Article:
Figure. A phylogenetic topology of Pterygioteuthis based on 24 morphological character (Lindgren, 2010). Numbers in italics above nodes represent characters found in a specific clade (see Lindgren, 2010 for a description of characters and states). Numbers in bold below nodes represent jackknife suport values.
P. microlampas and P. giardi have been observed to produce a variety of different bioluminescent flashes with their lidded-ocular and branchial photophores. The latter photophores can be rotated to point the flash in different directions. These two pairs of photophores can flash for varying durations and in various combinations suggesting that flashing behavior which, presumably, deters predators is complex (Young, et al., 1982). P. giardi has also been shown to counterilluminate in the laboratory (Young, et al., 1980).
Species of Pterygioteuthis are found throughout the tropical and temperate regions of the world's oceans but are virtually absent from the Mediterranean Sea. This map shows the general localities (white circles) where species belonging to this genus have been captured. Localities where pyroteuthids, other than Pterygioteuthis, have been captured are indicated by orange crosses. Only one record per locality is included (records listed here).
Members of Pterygioteuthis have a very interesting distribution pattern in the eastern Tropical Pacific.
Chun, C. 1910. Die Cephalopoden. Oegopsida. Wissenschaftliche Ergebnisse der Deutschen Tiefsee-Expedition, "Valdivia" 1898-1899, 18: 1-522 + Atlas.
Lindgren, A.R. 2010. Systematics and distribution of the squid genus Pterygioteuthis (Cephalopoda:Oegopsida) in the eastern tropical Pacific Ocean. Journal of Molluscan Studies, 76(4): 389-398.
Riddell, D. J. 1985. Enoploteuthidae of the New Zealand Region. Fisheries Research Bulletin. New Zealand Ministry of Agriculture and Fisheries, 27: 1-52.
Young, R. E. 1972. The Systematics and Areal Distribution of Pelagic Cephalopods from the Seas off Southern California. Smithson. Contr. Zool., 97: 1-159.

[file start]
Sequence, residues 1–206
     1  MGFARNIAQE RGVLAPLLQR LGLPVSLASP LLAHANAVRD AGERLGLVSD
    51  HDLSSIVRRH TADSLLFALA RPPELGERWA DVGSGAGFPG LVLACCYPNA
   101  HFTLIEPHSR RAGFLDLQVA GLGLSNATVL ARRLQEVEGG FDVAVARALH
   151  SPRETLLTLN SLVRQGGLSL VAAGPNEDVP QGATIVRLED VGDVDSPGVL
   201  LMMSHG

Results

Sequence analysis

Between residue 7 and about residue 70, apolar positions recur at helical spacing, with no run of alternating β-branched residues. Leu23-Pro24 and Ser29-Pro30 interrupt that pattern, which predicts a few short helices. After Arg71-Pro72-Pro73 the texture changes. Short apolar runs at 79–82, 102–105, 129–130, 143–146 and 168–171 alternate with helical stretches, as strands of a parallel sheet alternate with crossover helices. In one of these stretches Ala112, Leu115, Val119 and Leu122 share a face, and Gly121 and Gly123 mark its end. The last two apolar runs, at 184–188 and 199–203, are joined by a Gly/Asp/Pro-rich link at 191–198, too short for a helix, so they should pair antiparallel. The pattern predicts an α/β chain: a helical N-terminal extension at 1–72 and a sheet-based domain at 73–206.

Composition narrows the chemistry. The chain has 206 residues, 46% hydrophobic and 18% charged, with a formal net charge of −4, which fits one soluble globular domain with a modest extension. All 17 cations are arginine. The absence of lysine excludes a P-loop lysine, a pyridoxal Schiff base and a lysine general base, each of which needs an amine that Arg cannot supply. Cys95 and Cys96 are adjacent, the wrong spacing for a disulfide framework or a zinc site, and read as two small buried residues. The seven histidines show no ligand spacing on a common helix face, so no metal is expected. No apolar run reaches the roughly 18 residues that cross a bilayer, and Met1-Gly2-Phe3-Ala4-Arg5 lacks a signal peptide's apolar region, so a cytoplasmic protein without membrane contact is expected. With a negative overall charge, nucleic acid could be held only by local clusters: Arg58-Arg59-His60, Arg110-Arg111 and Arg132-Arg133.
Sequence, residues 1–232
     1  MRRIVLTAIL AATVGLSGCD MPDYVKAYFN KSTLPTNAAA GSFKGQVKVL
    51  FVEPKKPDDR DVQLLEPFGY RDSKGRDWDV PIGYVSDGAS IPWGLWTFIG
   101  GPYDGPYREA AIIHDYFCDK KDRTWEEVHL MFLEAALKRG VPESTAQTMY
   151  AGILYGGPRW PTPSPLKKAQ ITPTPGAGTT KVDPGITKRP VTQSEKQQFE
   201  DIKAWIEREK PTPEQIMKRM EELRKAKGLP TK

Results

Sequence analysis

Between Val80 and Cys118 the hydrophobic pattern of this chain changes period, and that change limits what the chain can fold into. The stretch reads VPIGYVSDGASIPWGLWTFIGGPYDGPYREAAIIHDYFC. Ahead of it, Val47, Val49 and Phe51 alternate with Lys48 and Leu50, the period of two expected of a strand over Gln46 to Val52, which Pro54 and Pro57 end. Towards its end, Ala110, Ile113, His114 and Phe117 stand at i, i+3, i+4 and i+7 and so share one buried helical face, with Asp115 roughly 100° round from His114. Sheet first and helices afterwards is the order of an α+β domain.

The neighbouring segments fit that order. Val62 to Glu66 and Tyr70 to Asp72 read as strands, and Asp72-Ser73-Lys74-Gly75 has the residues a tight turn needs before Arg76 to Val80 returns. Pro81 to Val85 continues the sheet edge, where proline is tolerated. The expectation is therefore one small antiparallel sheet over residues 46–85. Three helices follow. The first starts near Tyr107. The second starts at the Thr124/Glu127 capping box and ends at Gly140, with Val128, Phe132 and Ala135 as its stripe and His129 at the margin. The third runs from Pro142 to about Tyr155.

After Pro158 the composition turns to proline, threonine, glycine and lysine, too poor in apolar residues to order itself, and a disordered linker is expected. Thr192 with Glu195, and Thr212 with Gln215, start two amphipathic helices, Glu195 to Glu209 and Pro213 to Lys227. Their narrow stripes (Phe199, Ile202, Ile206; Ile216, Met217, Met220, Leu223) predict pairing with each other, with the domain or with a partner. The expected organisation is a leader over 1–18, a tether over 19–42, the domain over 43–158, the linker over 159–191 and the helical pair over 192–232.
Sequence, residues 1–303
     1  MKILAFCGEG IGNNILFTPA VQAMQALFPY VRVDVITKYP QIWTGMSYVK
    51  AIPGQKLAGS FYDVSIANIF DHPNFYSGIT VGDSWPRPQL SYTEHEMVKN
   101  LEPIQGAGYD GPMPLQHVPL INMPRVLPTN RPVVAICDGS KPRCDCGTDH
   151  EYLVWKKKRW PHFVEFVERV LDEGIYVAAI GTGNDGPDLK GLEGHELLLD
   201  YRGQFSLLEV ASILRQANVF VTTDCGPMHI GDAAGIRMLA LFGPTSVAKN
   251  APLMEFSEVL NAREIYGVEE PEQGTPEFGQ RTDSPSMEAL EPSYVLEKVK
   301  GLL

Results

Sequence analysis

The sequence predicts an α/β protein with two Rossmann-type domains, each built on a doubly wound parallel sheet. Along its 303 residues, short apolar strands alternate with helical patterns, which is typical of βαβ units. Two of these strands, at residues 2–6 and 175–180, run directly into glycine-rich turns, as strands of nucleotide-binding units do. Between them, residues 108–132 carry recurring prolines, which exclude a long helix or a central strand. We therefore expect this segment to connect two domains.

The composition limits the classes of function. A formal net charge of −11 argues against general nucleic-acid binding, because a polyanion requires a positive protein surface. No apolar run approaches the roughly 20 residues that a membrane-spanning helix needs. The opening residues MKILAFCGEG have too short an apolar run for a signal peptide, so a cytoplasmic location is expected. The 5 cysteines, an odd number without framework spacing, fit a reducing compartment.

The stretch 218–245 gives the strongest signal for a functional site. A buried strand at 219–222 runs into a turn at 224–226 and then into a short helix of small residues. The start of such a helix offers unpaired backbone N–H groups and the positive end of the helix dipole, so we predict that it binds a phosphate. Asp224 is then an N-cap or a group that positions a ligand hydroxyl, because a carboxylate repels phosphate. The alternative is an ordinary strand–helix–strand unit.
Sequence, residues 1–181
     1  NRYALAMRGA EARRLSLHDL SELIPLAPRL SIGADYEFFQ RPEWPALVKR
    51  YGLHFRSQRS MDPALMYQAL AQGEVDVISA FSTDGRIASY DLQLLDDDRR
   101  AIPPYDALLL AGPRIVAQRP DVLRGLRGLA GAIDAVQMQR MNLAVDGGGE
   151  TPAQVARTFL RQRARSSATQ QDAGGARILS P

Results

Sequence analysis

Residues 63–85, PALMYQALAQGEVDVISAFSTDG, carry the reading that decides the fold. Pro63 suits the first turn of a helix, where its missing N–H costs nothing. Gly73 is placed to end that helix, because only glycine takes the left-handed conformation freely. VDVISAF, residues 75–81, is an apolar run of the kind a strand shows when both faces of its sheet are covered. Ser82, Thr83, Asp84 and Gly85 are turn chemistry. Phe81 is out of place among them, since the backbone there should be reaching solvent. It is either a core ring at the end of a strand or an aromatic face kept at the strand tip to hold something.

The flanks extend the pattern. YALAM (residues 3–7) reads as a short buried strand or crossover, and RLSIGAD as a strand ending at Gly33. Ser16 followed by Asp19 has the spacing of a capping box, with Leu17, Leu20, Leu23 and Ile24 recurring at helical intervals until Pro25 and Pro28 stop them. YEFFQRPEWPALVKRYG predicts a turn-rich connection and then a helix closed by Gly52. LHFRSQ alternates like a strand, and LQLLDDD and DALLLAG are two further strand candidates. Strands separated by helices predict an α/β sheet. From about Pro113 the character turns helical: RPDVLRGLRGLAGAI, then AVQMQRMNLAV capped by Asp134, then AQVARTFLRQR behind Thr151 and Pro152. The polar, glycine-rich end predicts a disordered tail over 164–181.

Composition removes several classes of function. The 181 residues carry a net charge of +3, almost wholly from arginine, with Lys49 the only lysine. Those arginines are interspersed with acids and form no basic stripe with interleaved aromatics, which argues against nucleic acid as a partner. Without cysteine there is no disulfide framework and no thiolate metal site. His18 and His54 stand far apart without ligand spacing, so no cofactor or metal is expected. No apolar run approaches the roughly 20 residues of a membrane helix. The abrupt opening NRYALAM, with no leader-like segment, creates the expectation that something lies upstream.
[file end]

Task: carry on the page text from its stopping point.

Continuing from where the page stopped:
Young, R. E., E. M. Kampa, S. D. Maynard, F. M. Mencher and C. F. E. Roper (1980) counterillumination and the upper depth limits of midwater animals. Deep-Sea Res., 27A: 671-691.
Young, R. E., K. M. Mangold and M. Vecchione. 1992. The enoploteuthid group of families. P. 55-66. In: Sweeney, M. J., C. F. E. Roper, K. M. Mangold, M. R. Clarke and S. V. Boletzky (eds.). "Larval" and juvenile cephalopods: a manual for their identification. Smithson. Contr. Zool., No. 513: 1-282.
Young, R. E., R. R. Seapy, K. M. Mangold and F. G. Hochberg. 1982. Luminescent Flashing in the Midwater Squids Pterygioteuthis microlampas and P. giardi. Mar. Biol., 69: 299-308.
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Ohio State University, Columbus, Ohio, USA
University of Hawaii, Honolulu, HI, USA
Katharina M. Mangold (1922-2003)
Laboratoire Arago, Banyuls-Sur-Mer, France
Correspondence regarding this page should be directed to Annie Lindgren at
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- Content changed 11 January 2011
Citing this page:
Lindgren, Annie, Richard E. Young, and Katharina M. Mangold (1922-2003). 2011. Pterygioteuthis http://tolweb.org/Pterygioteuthis/19747/2011.01.11 in The Tree of Life Web Project, http://tolweb.org/. Version 11 January 2011 (under construction).